Germany dominates the last day of competition in Dornbirn
Pairs Women – Thürmer sisters in a league of their own
With three titles from four UCI Indoor Cycling World Championships, Nadja and Julia Thürmer (RV Mainz-Finthen/GER) completed their hat-trick in Dornbirn on Sunday.
The sisters left nothing to chance in the Pairs Women event and made their huge head start count. With scores in excess of 160 points comparable with those of the men in the Pairs Open category, the Thürmers’ female rivals were left trailing in their wake.
“We don’t have any problems with motivation,” the pair said after the competition. They have demonstrated this by remaining at the pinnacle of the sport since 2009, when they won their first UCI World Championships silver medal. They then had to wait until 2015 for another shot at the podium, as they were consistently ranked third in Germany. They eventually won the national title and have been unbeatable ever since.
Silver medallists Lena and Lisa Bringsken (Böhl-Iggelheim/GER) did everything in their power to shake things up, finishing runners-up for the third successive year: “We still have the potential to improve.” It remains to be seen whether they will contest another duel with the Thürmer sisters in 2018. “We’ll take our time and decide after the World Championships whether we’ll compete again next year,” they said. They also have opportunities to reach new heights with the introduction of the UCI World Cup series and the European Championships, which will take place practically on their doorstep in Wiesbaden in 2018. This could provide ample incentive to keep riding together.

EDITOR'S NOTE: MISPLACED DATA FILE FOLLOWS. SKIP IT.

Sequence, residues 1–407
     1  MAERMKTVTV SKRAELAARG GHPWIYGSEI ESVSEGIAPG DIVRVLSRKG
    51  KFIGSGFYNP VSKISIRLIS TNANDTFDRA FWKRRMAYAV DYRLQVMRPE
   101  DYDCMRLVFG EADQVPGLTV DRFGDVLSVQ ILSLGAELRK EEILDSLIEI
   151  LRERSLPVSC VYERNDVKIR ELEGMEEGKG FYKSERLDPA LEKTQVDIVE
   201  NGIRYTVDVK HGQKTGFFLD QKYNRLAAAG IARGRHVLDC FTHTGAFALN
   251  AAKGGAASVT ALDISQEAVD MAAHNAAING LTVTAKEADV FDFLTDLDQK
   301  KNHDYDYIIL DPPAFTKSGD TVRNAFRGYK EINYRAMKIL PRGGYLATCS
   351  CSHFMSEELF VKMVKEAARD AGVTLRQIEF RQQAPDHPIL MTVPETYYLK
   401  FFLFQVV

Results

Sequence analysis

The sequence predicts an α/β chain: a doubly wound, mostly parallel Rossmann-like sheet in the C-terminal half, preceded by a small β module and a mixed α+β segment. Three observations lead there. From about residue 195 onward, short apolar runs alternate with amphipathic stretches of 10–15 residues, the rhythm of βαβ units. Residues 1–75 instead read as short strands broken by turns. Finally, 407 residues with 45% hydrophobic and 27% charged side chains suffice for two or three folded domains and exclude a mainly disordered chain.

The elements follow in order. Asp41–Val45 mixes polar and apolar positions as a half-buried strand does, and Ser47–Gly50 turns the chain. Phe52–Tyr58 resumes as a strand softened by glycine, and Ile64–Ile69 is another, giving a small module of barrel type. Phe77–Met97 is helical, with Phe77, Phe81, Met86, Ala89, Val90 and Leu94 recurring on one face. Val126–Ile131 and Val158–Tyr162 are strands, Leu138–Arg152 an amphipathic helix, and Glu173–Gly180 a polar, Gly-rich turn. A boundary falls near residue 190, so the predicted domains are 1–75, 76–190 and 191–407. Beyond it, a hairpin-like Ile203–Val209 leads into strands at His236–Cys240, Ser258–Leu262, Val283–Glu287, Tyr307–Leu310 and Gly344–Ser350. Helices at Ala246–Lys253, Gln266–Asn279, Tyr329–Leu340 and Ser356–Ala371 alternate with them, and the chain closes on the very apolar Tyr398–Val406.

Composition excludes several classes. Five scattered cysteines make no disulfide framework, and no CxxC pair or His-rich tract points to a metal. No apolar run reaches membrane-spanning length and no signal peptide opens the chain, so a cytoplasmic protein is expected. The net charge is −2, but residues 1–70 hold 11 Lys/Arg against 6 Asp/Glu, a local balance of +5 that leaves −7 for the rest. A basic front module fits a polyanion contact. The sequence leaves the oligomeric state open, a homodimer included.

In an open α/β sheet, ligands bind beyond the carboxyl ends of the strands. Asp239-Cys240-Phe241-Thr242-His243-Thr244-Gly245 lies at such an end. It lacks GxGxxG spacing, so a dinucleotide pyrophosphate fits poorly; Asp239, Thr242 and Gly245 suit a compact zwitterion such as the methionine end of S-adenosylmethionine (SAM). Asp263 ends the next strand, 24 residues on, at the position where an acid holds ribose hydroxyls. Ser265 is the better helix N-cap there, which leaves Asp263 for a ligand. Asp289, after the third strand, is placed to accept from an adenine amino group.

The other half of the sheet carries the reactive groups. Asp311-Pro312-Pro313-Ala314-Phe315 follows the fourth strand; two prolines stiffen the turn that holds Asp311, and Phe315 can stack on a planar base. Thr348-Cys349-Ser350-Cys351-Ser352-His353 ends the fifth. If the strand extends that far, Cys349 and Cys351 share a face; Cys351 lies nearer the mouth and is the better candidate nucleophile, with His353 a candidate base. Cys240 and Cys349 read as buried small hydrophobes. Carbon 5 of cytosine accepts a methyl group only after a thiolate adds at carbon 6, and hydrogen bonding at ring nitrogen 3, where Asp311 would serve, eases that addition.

Switzerland’s Fabienne Gamper and Rahel Nägele rode out onto the competition floor already knowing that this was their final appearance together. They signed off from the Final 4 with their fourth bronze medal in a row and a new Swiss national record. “For us, the bronze medal feels like a gold – and they’re not that different in colour,” said Rahel Nägele. “It’s definitely the right time to call it a day, not least because we’re now under real pressure from our compatriots Laura Bruder and Julia Hämmerli.”
The aforementioned pair, who still ride at U-19 level, broke the junior record twice in Dornbirn before being rewarded with a fourth-place finish for their UCI World Championships debut. “We’re making room for youth and will now focus on our private lives and careers,” said Gamper and Nägele.
All the UCI World Champions in Dornbirn receive a 6.8-kilogram block of alpine cheese as part of their prize. When asked what two such petite women would do with this hefty gift, Nadja Thürmer was quick to answer. “We don’t eat cheese, so we’ll give half of it to Dad and the other half to our physio, former World Champion Katrin Schultheis.”
Single Men – World Champion Lukas Kohl soaks up the atmosphere
Germany’s Lukas Kohl (Kirchehrenbach) successfully defended his world title in the Single Men event after being the only rider to pass the 200-point mark with his programme.
Twice he took to the competition floor with a smile on his face, and twice he left it again with a broad grin from enjoying the UCI Indoor Cycling World Championships so much. “I looked up at the stands packed with spectators and soaked up the atmosphere, then focused on my routine when I was actually riding,” he explained. “I’m glad everything went well, and I became World Champion again.”